Data protection for the fourth industrial revolution

The rollout of 5G and the opportunity to connect devices and analyse data in real time and/or using artificial intelligence, have the potential to open up a wealth of opportunities
By: D-Sig
BIRMINGHAM, U.K. - Sept. 6, 2022 - PRLog -- UK5G suggest that IoT-enabled initiatives are worth more than £6bn per year to UK manufacturing, with  improvements from new product development, prototyping, sourcing raw materials or components and production, to inspection and quality control,  packing, distribution, maintenance and servicing.

The same data-processing advances that are enabling the fourth industrial revolution also mean that previously hypothetical security threats are also moving ever closer to reality.

Protecting manufacturing data and software from unauthorised access and modification requires the use of cryptographic algorithms, specifically encryption and digital signature algorithms.

Current encryption and digital signature algorithms have served this purpose well but, with the advent of quantum computers, this is about to change.  Various experts predict that quantum computers will be available to state actors within 3-10 years and, once available, could be used to break these algorithms.

NIST announced the first results of its 6-year effort to standardise on new quantum-resistant algorithms earlier this summer. Three new digital signature algorithms have been announced and one encryption algorithm, with further encryption algorithms to follow.

Generating, ensuring safe access to and analysing growing amounts of data is key to realising the benefits offered by Industry 4.0, with data being harvested across the industry that could potentially become vulnerable to bad actors.

To date, data has typically been encrypted to ensure it is kept confidential, then signed with a digital signature to prove that it hasn't been altered.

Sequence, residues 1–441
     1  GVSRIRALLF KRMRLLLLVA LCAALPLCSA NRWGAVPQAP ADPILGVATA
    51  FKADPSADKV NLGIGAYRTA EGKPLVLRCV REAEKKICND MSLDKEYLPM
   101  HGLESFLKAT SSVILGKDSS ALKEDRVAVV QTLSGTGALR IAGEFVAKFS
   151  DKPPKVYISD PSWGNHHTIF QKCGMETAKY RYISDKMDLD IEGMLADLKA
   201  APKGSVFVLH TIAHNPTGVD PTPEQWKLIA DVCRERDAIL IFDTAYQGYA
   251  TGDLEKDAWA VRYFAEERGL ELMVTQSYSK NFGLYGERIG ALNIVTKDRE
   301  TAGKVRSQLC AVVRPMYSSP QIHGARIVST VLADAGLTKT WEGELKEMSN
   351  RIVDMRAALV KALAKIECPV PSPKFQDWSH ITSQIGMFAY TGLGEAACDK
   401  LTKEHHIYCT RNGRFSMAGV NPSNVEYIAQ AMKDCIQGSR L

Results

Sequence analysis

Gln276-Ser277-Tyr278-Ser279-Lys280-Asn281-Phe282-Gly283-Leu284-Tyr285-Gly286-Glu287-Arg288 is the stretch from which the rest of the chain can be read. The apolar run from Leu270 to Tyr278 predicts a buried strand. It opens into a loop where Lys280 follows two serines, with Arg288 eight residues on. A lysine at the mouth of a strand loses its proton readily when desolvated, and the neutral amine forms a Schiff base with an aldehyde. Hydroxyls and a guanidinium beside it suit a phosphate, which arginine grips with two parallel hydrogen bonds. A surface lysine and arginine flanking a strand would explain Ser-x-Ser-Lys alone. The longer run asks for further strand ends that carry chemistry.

It was thought that current cryptographic algorithms would take many years to be broken using conventional computers. However, the exponential boost in processing power delivered by quantum computing poses a very real threat.

So if you have data or software that  relies upon these algorithms, but still needs to be protected from unauthorised access in the future, you need to think about moving to the new algorithms.

Various state actors are actively harvesting encrypted data (e.g. intellectual property data) so that it may be decrypted in the future, and safety critical software that is digitally signed today, could be maliciously updated, causing a future safety, environmental or security hazard.
D-Sig is using a two-stage method:
1. adopting a cautious approach when implementing new algorithms to make sure the implementations are truly robust.
2. giving the algorithms time to embed themselves, allowing time for large scale crypto-analysis to take place to ensure they are truly quantum-resistant.

We encourage all manufacturers to adopt  a hybrid 'belt and braces' approach to cyber security, implementing the new cryptographic algorithms but maintaining the current algorithms in tandem.

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